Raising your rates..?
Thread poster: Melina Kajander
Melina Kajander
Finland
English to Finnish
Sep 18, 2006

Hi everyone, I'm new to this subforum, though I've been subtitling for a couple of years now. (Here, by 'subtitling' I mean subtitle translation only, no time-cuing etc. involved.) I'd just like to know if it's even possible to update your rates in the subtitling world - has anyone succeeded in this? It's just so different from 'normal' translation world, where the rate is usually negotiated by project, and you can just notify your clients that you've raised your rates (that's how I understand from other posts in these boards, at least). In subtitling, the big companies use set rates, which you have to accept before you start working with them. So how would it be possible to raise them? It's just that when I started subtitling, I had no subtitling experience and was clueless about the rates (so different from usual per word rates in other types of translation). And now I've recently signed up with a new company, which uses a different kind of rate (by minute) & in different currency than what I was used to, and after reading some posts here I see the rate I accepted is not that good either... (Rather discouraging.) So I was wondering if anyone has successfully raised their rate with a major subtitling company, or would it be a faux pas even to ask for it...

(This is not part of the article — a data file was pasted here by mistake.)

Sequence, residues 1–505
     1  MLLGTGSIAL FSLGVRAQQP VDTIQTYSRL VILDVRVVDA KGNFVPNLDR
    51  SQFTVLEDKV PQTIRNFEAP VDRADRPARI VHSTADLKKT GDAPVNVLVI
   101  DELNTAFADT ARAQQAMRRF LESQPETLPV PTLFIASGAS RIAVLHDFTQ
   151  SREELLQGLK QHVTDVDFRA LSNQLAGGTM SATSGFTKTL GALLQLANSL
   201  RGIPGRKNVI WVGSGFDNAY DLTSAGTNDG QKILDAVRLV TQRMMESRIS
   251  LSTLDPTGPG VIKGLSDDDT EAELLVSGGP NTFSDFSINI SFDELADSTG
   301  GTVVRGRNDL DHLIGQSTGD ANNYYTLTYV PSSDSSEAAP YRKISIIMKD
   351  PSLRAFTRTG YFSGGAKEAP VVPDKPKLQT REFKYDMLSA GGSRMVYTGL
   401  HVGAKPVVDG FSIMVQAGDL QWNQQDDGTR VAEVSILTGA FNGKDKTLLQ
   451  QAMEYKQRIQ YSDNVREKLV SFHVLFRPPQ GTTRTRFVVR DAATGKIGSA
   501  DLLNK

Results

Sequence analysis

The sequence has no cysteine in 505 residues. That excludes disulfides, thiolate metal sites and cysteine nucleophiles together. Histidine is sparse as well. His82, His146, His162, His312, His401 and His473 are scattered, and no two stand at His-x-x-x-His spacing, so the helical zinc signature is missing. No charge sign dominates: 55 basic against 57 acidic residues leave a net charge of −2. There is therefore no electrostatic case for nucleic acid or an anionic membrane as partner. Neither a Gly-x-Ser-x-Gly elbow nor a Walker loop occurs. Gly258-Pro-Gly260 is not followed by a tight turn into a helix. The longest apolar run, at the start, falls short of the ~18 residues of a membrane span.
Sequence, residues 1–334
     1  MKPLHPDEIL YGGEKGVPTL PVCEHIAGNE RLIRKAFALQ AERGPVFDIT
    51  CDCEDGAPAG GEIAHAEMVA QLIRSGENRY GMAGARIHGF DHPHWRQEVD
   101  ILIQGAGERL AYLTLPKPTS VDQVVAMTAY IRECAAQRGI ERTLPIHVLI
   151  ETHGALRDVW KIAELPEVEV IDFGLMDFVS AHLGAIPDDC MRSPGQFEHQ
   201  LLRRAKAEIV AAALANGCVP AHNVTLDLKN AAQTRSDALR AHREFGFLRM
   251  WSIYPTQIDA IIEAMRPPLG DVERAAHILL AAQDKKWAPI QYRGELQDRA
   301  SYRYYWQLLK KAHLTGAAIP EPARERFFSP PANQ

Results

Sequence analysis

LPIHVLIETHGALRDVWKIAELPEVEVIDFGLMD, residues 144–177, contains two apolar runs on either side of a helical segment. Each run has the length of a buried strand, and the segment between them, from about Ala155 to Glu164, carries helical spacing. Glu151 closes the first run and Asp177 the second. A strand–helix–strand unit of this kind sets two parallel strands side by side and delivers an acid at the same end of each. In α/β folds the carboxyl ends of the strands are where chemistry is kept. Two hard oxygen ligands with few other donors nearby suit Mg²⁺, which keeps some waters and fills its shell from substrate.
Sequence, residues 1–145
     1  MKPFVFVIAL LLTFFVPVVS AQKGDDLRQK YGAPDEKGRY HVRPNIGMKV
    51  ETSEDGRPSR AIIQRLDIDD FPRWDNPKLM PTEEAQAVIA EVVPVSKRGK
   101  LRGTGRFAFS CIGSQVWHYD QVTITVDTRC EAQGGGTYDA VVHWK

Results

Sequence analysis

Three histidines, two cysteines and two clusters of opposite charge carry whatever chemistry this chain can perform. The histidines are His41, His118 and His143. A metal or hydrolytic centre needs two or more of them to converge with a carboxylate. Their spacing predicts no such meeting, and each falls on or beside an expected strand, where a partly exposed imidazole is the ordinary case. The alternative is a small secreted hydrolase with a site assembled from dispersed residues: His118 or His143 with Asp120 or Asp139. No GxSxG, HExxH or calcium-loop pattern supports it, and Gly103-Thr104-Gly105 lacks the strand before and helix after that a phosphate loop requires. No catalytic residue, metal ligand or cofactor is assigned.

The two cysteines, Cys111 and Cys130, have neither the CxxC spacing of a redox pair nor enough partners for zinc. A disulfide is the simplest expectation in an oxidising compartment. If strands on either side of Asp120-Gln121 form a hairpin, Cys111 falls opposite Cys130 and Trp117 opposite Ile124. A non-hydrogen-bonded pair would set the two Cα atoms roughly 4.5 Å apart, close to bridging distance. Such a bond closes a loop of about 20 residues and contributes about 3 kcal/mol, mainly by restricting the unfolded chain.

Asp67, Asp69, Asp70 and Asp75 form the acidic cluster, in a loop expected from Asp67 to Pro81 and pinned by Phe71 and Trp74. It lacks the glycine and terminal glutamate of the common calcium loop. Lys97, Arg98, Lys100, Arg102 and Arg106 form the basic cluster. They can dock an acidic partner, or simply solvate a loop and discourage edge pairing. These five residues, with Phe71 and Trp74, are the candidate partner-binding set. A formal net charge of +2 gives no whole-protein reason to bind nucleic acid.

Or maybe I should just give up and admit that I'll never be rich by doing subtitling (or even make a good living), and try to specialize in something else... A pity though, since I really like subtitling, IMHO it's far more interesting & exciting than any other field of translation!

[Edited at 2006-09-18 12:30]

[Edited at 2006-09-18 13:07]


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Juan Jacob  Identity Verified
Mexico
Local time: 09:28
French to Spanish
+ ...
Big faux pas in a big -or small- company. Sep 18, 2006

Hi, there.

Sorry to hear about that, but you're giving yourself the answer.

There is no way, in a big, or smaller company, to raise your rates, period.

Sometimes, when all translators protest, maybe in a few months they'll do it but I would'nt count too much on that.